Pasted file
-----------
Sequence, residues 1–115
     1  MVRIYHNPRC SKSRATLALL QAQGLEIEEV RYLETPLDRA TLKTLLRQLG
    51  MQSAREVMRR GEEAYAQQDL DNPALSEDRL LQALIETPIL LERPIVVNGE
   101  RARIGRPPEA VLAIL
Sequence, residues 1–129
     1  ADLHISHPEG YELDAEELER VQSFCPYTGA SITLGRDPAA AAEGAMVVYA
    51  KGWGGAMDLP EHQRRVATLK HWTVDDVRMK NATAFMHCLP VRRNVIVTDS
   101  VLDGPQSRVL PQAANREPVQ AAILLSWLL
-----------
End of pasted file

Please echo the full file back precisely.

Sequence, residues 1–115
     1  MVRIYHNPRC SKSRATLALL QAQGLEIEEV RYLETPLDRA TLKTLLRQLG
    51  MQSAREVMRR GEEAYAQQDL DNPALSEDRL LQALIETPIL LERPIVVNGE
   101  RARIGRPPEA VLAIL
Sequence, residues 1–129
     1  ADLHISHPEG YELDAEELER VQSFCPYTGA SITLGRDPAA AAEGAMVVYA
    51  KGWGGAMDLP EHQRRVATLK HWTVDDVRMK NATAFMHCLP VRRNVIVTDS
   101  VLDGPQSRVL PQAANREPVQ AAILLSWLL